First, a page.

Eastern Point Lighthouse, Gloucester, MA, photo courtesy Kraig Anderson

Eastern Point Lighthouse, Gloucester, MA, photo courtesy Kraig Anderson

Massachusetts’ Gloucester Harbor is known as America’s oldest seaport, supporting fishermen, whalers, traders and even smugglers since 1616. The area is also known for its dangerous currents, ledges, and storms which claimed 779 vessels and 5,305 lives between 1830 and 1910.

But another danger also lurked in the waters nearby – the Gloucester Sea Serpent. The first recorded sighting of the monster was in 1848 by John Josselyn Gent. Gent raised his gun to shoot the monster, but was stopped by an Indian who said killing the serpent would bring bad luck. In 1817,  Amos Story, future keeper of Gloucester’s Ten Pound Island Light, reported seeing the beast. He said, “I saw a strange marine animal that I believe to be a serpent… His head appeared shaped much like that of the sea turtle and he carried his head from ten to twelve inches above the surface of the water.” Story ‘s wife also reported seeing the serpent lounging on the rocks, thinks at first it was a log until it slithered into the water. Sixteen other sightings reported the monster who was nicknamed “His Snakeship.” Although the town offered a $5000 reward, the beast was never caught.

Sightings of His Snakeship continued along the coast of Massachusetts during the 1800s. Often seen near lighthouses like the Eastern Point Lighthouse, the creatures were thought to be attracted to the towers or its lights.

Theobold Rooney, keeper at St. Andrews Lighthouse at Sand Reef off New Brunswick, Canada, reported a sea monster passing his lighthouse in 1906. Rooney claimed the beast was twenty to thirty feet long and had a snakelike head.

Pentland Skerries, photo by Ian Cowe

Pentland Skerries, photo by Ian Cowe

At Scotland’s Pentland Skerries Light, lightkeeper John Brown reported a huge sea creature near his lighthouse. “A great object rose up out of the water; anything up to twenty to thirty feet … it was round-shaped and appeared to have a head.”

Sea monsters were also sighted on the Pacific Coast. Not far from the lighthouse on Discovery Island, a family was sailing when they heard a loud noise behind their boat described as a grunt or a snort. They looked back and saw a large creature watching them. The greenish-brown beast had a distinct head and serrated markings along its back and sides. The animal dove and resurfaced farther away, still observing the people in the boat before it dove again. Other sightings of a snakelike, toothed dorsal fin, ninety to one hundred feet long, dark green or brown, hissing, snorting creature were reported in the area as well.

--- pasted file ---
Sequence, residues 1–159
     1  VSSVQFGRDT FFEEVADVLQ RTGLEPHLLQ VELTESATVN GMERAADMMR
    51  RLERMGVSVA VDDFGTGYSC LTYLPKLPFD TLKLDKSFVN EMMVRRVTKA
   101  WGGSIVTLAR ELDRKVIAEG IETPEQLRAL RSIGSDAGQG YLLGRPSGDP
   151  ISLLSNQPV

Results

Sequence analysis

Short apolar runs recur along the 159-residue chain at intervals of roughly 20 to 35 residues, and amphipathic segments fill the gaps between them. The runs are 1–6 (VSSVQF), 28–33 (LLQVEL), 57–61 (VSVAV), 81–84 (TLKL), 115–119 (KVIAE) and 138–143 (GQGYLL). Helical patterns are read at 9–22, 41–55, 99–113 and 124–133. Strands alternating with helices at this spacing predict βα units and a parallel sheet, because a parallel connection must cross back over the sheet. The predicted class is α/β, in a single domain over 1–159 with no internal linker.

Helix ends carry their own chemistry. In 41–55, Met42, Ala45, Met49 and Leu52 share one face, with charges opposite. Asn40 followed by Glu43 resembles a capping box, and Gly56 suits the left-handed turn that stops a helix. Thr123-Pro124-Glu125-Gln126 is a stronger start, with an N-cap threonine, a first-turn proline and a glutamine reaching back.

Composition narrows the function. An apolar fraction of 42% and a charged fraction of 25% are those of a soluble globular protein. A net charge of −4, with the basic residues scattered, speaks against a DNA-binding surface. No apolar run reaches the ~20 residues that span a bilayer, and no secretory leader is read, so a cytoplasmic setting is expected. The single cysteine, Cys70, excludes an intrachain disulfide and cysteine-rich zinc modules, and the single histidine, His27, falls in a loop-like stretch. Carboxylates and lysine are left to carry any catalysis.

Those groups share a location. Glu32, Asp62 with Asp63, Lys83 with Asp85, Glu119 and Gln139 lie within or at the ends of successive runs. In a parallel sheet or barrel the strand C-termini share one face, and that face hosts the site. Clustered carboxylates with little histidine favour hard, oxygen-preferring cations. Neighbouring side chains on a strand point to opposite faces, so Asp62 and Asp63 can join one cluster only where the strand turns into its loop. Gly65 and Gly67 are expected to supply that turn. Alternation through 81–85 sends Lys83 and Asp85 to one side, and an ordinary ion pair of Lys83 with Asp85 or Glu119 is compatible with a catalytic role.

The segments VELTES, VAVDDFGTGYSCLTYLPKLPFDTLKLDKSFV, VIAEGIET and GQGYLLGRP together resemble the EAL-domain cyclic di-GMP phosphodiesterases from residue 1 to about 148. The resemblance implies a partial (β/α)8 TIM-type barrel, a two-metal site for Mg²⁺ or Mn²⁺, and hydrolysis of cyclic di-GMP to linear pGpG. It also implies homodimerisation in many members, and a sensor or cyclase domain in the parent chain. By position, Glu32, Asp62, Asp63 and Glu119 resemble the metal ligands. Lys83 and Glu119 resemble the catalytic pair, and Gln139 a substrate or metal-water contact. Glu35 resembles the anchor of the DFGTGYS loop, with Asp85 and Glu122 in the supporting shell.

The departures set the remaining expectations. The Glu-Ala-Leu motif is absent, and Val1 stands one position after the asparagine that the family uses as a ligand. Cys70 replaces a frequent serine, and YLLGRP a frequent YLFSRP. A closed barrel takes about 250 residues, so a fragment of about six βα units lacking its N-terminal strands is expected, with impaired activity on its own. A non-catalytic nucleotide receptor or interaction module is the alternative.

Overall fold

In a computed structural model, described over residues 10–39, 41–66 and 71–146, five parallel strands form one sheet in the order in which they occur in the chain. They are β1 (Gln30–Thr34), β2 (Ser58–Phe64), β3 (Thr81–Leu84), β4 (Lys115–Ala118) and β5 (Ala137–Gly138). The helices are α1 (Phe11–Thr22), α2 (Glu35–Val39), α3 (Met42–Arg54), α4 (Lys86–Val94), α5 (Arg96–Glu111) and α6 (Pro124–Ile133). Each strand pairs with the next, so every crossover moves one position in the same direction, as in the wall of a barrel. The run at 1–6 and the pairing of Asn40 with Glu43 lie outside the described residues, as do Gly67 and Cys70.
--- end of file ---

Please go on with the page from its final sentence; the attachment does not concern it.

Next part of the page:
Haceta Head Lighthouse, Oregon, photo courtesy lighthousefriends.com

Haceta Head Lighthouse, Oregon, photo courtesy lighthousefriends.com

The first mate aboard the Columbia River Lightship reported seeing a sea creature in 1934 he named “Colossal Claude.” He described Claude as about forty feet long with “a neck some eight feet long, a big round body, a mean-looking tail, and an evil, snaky look to its head.” Three years later the creature was sighted by a fishing trawler off the Washington Coast and two months after that was reported fifty miles south near Haceta Head Lighthouse. A couple who saw the creature described it as having a horselike head with ears and a seaweed-colored mane. Its neck and back had a row of bumps.

In 1953, the creature was sighted near New Dungeness Lighthouse in Washington, then in 1969, two fishermen sighted it near Discovery Island Lighthouse, British Columbia, noticing its “large red eyes and short ears.”

Various theories exist as to what these creatures are, if in fact, they’re real. Some suggest they’re species that have survived since prehistoric times. Others propose that sea monsters may just be large whales or sharks, frightening creatures concocted by overactive imaginations. Movies such as The Foghorn, The Monster of Piedras Blancas, and even Godzilla have preyed upon these sightings. Strangely enough, a lighthouse is usually depicted as the victim of the creature in these films.


from the movie, "The Foghorn"

from the movie, “The Foghorn”


Do you believe such creatures exist? “Leviathan” is referred to in the Bible several times, including the book of Job, believed to be the oldest book of the Bible. Translated from ancient Hebrew, the word means “coiled or twisted” and refers to a sea serpent. So sea serpents existed at some time, but do they still exist?




“So God created the great creatures of the sea and every living thing with which the water teems, and that moves in it” Genesis 1:21 (NIV)


*story sources: The Lighthouse Menagerie by Elinor De Wire and  http://lighthousefriends.com/